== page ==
Alberta MLAs return to legislature for busy session

Alberta’s MLAs will be returning to the provincial legislature Wednesday to start a busy spring and summer session in which the UCP government plans to introduce at least 10 pieces of legislation.

Bill enshrining parents’ choices in education programming is first on docket

Night sessions and physical distancing will become part of the new normal once the legislature begins sitting Wednesday.  (Josee St-Onge/ CBC)

Alberta's MLAs will be returning to the provincial legislature Wednesday to start a busy spring and summer session, in which the UCP government plans on introducing at least 10 pieces of legislation.  

Night sessions and physical distancing will be part of the new normal, said government house leader Jason Nixon, during a press conference Tuesday. 

"I do anticipate that, for sure, by Monday of next week, we will be into night sittings," he said. "I do not believe that we will stop night sittings the rest of the way through the legislative session."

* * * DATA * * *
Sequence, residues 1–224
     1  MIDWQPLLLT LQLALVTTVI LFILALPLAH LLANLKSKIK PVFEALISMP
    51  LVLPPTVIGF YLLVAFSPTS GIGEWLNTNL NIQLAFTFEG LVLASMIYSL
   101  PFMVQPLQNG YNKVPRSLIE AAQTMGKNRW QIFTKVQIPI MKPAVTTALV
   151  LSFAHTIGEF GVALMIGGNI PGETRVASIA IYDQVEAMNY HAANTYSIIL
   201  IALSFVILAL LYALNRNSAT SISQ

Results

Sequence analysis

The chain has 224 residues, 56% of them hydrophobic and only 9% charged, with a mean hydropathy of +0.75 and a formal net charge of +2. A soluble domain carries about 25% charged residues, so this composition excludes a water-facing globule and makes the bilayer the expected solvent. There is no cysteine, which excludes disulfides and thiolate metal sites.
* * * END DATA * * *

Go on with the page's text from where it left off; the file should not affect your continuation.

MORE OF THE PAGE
The first order of business is an all-party debate on the COVID-19 crisis response, where Premier Jason Kenney will provide an update and take members' questions. 

Opposition house leader Heather Sweet said the NDP will try to prevent the government from using the COVID-19 crisis as cover to forward its own agenda.

"Our job is to make sure this government doesn't use this pandemic as a reason and an ability to push through policy and legislation that ultimately will have long term effects on Albertans," Sweet said.

Choice in Education Act 

The UCP government will introduce Bill 15, Choice in Education Act, Nixon said. 

"The intention of that bill is to fulfil a campaign promise," he said. "This bill will demonstrate our government's support for all educational programming, including public, separate, Francophone, charter, and independent schools, as well as alternate programs and homeschooling."

More details will be shared when Education Minister Adriana LaGrange tables the bill, Nixon said.

Sweet called the lack of information around the Choice in Education Act worrying. 

The province should instead focus on strengthening the current educational system, she said. 

"What this government needs to do is reinstate our educational assistants, make sure we have enough teachers in our classrooms to meet the needs of students before they start looking at making changes to the public educational system."

The Alberta government will also introduce Bill 7, an amendment to the Responsible Energy Development Act that will set timelines for the Alberta Energy Regulator's review of applications, and Bill 16 which seeks to expand the scope of the Victims of Crime Act and transition to a services-based program.


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